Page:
The other day, I released GNU Enscript 1.6.6. You should all go and send me bug reports.
It's basically the same as the 126.96.36.199 release, but more official. (I'm bored of the long version numbers - maybe I ought to knock a decimal point off.)
Posted: 02 Oct 2012 20:28 |
On Thursday and Friday, I took time off work to visit Bristol for the GNU Hackers' Meeting 2008. Around 20 people attended - obviously these were all people contributing to GNU, but (surprisingly) I didn't feel too much like I was surrounded by giants. Instead, it was all quite relaxed; most people there seemed rather like me - with a mild caffeine addiction, permanently short of spare time, and just trying to improve their small projects as best they could.
The impression I have of the GNU project after this meeting is one of a disparate organization with many small contributors; it is clear we have massive communication problems, both internally and externally. From the outside, I suppose GNU looks like a monolithic, perhaps US-centric project, with the strong leadership at the top controlling the direction of all these sub-projects. In reality, these sub-projects are more or less autonomous. There may be some checking at the centre that no two GNU programs are directly competing to solve the same problem, but the maintainers are largely on their own, struggling to build up whatever community of contributors they can. The feeling of isolation is much greater than in Debian, for instance - there, although package maintainers generally have some sort of authority over "their" packages, you will get bug reports filed if you are not following Debian policy, and you are expected to observe common freeze periods around releases. There are no real equivalents in GNU.
So naturally, considering the amount we had in common, this meeting was always going to be a success. It was very well run by Brian Gough, and there was just the right amount of structure versus "corridor time" (although everything took place in a single room, except for lunch/pub). There were a few talks from people about the projects they were working on - for instance, a nice game called GNU FreeDink, although I need to fix a segmentation fault to progress any further in level 2, and a very impressive sound generation program called Psycosynth.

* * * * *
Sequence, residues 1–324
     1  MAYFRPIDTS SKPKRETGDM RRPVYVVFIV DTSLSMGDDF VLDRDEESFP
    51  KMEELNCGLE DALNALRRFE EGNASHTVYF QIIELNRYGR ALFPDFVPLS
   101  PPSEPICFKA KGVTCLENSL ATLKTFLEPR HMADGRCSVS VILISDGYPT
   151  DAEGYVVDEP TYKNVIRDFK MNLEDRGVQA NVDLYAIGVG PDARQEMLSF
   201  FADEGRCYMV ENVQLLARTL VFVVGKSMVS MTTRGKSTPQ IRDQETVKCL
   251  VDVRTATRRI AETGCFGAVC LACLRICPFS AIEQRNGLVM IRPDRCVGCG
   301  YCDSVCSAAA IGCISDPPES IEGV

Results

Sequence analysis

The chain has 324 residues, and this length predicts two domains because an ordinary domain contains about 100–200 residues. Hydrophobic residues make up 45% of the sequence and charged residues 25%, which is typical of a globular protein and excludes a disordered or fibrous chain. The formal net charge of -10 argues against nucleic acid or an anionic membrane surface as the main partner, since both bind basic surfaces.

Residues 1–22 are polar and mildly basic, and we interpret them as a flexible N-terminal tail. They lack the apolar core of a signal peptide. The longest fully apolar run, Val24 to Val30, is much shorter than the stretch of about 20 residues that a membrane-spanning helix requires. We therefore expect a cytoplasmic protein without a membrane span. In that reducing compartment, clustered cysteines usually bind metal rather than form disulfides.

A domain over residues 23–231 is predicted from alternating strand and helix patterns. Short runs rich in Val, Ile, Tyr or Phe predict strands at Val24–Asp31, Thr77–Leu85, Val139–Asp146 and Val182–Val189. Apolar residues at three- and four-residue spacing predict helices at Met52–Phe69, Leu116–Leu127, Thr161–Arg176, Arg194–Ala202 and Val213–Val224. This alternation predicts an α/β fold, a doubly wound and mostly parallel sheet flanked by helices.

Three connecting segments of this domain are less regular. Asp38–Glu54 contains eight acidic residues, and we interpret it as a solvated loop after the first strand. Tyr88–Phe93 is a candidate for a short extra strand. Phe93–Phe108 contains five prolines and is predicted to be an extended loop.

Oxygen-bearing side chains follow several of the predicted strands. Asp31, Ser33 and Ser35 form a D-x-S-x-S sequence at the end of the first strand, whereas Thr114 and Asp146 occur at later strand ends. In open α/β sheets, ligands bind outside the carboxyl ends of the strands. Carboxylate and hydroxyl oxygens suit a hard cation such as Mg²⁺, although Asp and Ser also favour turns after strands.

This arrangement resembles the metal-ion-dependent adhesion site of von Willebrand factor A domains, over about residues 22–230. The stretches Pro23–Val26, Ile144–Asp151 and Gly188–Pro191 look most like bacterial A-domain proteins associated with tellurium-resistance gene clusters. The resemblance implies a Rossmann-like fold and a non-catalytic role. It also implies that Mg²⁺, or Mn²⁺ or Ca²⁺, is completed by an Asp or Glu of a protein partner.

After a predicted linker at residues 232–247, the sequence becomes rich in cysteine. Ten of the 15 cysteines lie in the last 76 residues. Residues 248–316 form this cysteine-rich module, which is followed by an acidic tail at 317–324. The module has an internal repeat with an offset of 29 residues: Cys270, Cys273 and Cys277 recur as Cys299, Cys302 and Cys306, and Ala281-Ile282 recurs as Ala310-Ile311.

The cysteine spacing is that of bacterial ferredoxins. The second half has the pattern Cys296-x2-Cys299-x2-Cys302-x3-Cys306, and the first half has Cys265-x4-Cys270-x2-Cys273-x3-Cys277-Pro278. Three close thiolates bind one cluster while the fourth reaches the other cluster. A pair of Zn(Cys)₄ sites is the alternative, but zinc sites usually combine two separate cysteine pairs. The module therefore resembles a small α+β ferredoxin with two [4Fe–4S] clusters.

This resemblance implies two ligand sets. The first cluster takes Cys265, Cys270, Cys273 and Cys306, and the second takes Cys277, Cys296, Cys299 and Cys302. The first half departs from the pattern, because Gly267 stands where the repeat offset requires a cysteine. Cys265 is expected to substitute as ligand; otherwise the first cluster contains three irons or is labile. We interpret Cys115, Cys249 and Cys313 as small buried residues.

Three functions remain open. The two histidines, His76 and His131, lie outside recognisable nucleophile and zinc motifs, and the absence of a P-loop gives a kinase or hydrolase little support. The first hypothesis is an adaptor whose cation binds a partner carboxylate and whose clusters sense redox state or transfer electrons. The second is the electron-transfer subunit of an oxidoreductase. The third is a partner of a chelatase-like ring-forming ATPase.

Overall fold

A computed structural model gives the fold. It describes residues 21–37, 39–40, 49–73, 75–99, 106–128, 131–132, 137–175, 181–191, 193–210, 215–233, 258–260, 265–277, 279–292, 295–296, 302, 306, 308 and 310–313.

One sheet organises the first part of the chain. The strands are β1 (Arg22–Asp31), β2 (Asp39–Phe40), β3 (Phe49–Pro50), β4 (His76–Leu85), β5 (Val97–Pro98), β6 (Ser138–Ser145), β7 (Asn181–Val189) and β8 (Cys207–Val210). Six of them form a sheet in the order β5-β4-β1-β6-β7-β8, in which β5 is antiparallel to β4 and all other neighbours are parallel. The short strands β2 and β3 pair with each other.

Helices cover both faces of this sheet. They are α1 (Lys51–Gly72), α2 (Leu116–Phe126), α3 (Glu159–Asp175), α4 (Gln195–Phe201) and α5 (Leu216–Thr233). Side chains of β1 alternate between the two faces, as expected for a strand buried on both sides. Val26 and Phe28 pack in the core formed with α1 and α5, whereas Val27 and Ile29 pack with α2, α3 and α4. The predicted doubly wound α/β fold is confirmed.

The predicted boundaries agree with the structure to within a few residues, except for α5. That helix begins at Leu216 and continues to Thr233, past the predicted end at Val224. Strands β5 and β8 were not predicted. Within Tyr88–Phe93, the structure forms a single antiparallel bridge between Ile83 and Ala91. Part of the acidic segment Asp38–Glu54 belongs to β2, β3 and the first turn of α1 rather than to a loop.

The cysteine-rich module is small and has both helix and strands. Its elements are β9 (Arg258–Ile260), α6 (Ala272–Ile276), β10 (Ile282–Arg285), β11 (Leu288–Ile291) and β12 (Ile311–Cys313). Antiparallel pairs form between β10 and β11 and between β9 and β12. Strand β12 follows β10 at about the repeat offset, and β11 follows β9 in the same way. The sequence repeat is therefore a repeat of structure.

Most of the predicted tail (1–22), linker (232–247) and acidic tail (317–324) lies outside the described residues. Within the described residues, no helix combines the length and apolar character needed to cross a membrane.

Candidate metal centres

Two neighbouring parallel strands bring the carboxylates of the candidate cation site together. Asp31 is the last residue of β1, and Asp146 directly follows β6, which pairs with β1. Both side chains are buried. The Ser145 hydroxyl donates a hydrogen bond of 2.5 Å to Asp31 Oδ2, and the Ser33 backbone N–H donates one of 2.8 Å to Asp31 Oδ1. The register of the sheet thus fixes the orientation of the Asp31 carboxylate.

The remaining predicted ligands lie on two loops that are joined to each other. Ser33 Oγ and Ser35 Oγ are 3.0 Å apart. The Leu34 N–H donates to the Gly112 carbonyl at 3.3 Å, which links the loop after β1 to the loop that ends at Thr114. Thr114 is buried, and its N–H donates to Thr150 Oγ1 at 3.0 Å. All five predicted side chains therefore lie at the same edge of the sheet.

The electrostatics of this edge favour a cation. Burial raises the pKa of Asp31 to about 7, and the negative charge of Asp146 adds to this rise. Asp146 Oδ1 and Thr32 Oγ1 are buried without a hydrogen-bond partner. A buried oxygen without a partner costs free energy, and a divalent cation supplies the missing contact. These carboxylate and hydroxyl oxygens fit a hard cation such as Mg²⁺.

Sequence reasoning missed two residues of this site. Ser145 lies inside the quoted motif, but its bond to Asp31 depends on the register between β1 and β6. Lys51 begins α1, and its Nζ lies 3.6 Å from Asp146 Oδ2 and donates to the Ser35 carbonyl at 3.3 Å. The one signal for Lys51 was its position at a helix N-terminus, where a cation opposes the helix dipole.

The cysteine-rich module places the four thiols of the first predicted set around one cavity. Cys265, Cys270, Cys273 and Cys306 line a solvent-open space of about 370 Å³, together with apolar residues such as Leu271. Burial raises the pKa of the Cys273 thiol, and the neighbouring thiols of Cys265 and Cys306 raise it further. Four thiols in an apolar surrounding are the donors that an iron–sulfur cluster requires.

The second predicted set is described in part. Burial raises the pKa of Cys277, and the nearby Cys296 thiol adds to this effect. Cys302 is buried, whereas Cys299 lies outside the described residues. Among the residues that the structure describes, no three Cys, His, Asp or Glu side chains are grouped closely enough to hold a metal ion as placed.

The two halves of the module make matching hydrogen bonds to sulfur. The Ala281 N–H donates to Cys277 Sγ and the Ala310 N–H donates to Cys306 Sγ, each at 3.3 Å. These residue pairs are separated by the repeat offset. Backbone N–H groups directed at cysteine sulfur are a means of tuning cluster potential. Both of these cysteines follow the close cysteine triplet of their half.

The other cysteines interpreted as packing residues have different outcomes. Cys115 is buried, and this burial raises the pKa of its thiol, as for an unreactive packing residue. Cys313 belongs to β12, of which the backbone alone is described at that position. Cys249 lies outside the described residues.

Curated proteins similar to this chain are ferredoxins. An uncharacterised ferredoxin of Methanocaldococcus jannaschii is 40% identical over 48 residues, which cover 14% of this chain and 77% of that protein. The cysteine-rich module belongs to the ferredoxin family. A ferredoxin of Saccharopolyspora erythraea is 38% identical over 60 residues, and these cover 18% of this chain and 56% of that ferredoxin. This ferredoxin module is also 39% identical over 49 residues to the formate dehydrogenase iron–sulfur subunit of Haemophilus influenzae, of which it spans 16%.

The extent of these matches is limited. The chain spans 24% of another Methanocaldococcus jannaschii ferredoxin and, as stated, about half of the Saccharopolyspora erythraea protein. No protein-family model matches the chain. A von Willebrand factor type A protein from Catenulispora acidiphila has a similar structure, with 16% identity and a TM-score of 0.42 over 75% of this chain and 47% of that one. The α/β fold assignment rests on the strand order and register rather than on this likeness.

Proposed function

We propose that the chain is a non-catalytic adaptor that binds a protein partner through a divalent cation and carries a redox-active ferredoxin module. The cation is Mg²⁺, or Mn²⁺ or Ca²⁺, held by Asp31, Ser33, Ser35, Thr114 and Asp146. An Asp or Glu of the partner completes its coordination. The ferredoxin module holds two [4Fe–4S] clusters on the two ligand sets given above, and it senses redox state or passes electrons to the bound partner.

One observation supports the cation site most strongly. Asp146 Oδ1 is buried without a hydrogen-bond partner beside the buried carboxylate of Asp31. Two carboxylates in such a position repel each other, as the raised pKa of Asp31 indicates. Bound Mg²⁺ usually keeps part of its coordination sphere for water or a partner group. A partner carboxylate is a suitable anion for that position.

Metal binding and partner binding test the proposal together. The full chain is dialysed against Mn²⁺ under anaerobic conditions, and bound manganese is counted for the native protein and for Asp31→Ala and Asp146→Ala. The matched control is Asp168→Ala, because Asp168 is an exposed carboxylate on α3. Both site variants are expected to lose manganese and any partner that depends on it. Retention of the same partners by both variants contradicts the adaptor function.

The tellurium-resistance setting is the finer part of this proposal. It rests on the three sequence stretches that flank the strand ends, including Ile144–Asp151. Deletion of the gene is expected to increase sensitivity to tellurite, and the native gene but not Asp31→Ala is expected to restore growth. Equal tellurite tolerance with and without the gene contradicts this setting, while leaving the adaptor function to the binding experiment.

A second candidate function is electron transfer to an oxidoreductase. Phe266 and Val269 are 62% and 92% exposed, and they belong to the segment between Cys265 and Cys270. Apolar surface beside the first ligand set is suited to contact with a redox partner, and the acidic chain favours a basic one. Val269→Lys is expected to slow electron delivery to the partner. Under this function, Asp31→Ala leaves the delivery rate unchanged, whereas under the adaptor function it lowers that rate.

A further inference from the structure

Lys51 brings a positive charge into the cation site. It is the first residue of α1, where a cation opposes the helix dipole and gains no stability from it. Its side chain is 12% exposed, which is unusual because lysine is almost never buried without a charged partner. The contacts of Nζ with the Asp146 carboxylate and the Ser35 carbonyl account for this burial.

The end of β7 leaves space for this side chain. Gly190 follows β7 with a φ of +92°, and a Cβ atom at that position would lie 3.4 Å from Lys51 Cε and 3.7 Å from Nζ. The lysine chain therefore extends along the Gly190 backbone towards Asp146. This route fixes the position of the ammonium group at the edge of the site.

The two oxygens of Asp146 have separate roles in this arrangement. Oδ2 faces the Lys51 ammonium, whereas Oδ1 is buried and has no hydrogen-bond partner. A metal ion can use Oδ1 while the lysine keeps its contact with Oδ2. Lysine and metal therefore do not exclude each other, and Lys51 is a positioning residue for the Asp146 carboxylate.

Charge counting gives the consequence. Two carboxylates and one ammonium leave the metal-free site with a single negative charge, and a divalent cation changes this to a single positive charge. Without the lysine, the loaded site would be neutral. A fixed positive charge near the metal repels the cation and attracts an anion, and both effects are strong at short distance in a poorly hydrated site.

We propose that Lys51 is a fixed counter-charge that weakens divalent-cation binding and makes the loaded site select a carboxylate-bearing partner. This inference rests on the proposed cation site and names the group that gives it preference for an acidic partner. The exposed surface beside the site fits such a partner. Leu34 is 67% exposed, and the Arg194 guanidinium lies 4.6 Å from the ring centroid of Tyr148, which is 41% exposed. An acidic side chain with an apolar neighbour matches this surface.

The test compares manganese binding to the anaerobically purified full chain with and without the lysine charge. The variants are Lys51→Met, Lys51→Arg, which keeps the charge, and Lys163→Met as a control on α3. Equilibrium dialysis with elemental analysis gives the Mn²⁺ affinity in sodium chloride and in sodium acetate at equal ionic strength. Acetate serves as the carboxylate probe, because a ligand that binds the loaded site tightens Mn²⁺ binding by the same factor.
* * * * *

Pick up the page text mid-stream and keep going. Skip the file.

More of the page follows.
It was suggested that a UK-only GNU hackers' meeting could be organised sometime, which I think would also work very well. Simply meeting up like this every once in a while was quite inspiring; I much prefer developer-oriented meetings over user-oriented meetings, and this was one of the best.
Posted: 13 Jul 2008 00:00 |
Three weeks ago I swapped capslock and Ctrl on all my usual systems, much to the chagrin of Daniel when he foolishly tried to use my keyboard. I'm now quite happy with the positioning of Ctrl - it was surprisingly easy to get used to.
It is not a coincidence that this is Tip #1 on various lists of ways to use emacs more effectively. I find myself wanting to ditch vim… perhaps this is just asking for a holy war.
My reasons are quite vague at the moment, but have something to do with wanting consistency of user interfaces across editor, shell and, er, IRC client. One other thing I've noticed is that very few people seem to write many vim macros - I suspect that having lisp to work with will actually make this easier. Also, of course, it's a GNU project! As part of that, the licensing is vastly more sensible than vim's.
So, seeing as forcing myself to use the capslock key as ctrl seemed to work, I suppose I'd better force myself to use emacs regularly instead of vim, and see how it goes. This involves purging vim from machines where I can, and aliasing 'vim' to 'emacs' in places I can't. Perhaps this will scare more people away from borrowing my keyboard.
Posted: 03 Dec 2007 00:00 |
Next I need to work on pulling any distro fixes I can find into upstream, and getting a new bugfix version released. This should hopefully obsolete most of the Debian patches.
Posted: 02 Dec 2007 00:00 |
Some news that's overdue to be blogged: a few weeks ago, I picked up the Debian package 'enscript', and fixed some of the easier bugs in it. This has been uploaded to unstable, thanks to Myon, who rocks.
Having looked at the package, I realised that further work on it was unfeasible without a new upstream release. GNU Enscript had been unmaintained for a while, so I wrote to the GNU project and asked whether I could set up a Savannah project for it. A few days later, rms dubbed me the official maintainer.
This week, I sent in my copyright assignment form. This is one of the things I wasn't expecting - from the copyright headers, it didn't look as if Enscript required copyright assignment to the FSF. Still, it makes sense in the long run. I have to examine the existing code, and work out whether there are any other contributors from whom to ask for assignments or disclaimers. One of these days I'll actually get around to writing some code for it, perhaps.
On the plus side, I now have an account on fencepost.gnu.org, which means I have a nice gnu.org email address to go with it. Also, the FSF sent some nice stickers for my laptop with the copyright form.
Posted: 17 Nov 2007 00:00 |